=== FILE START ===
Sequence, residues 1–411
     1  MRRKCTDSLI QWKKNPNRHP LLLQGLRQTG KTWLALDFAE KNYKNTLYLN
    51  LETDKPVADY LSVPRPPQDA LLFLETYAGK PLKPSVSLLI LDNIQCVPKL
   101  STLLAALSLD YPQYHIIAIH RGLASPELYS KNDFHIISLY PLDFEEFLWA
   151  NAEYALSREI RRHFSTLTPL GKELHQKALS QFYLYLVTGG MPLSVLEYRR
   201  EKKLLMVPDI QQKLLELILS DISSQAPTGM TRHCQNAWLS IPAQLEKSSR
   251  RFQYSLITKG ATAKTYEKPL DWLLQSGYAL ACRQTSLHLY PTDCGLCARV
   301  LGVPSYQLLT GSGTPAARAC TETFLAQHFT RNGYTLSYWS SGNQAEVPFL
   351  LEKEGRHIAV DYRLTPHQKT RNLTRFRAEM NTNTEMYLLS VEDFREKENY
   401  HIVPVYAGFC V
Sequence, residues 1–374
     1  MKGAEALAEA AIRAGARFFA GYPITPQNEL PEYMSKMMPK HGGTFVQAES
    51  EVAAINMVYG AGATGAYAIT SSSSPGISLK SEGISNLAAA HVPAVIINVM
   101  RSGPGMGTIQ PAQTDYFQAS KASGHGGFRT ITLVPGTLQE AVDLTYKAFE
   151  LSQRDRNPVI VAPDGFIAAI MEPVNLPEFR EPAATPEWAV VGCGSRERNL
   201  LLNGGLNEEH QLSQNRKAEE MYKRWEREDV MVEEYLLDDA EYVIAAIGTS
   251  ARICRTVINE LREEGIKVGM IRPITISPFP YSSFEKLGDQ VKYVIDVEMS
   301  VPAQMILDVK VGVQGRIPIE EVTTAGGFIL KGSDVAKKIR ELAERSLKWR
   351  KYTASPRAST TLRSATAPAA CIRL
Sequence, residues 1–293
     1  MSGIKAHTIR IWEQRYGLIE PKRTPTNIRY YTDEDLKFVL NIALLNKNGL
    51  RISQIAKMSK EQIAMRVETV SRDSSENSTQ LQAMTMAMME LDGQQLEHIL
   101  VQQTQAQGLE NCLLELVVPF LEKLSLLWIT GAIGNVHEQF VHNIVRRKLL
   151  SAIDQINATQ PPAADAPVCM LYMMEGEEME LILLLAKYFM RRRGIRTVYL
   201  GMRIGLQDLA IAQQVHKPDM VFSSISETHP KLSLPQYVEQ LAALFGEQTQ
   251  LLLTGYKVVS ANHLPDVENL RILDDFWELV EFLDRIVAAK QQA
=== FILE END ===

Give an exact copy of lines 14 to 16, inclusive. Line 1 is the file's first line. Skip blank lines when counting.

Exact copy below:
   101  RSGPGMGTIQ PAQTDYFQAS KASGHGGFRT ITLVPGTLQE AVDLTYKAFE
   151  LSQRDRNPVI VAPDGFIAAI MEPVNLPEFR EPAATPEWAV VGCGSRERNL
   201  LLNGGLNEEH QLSQNRKAEE MYKRWEREDV MVEEYLLDDA EYVIAAIGTS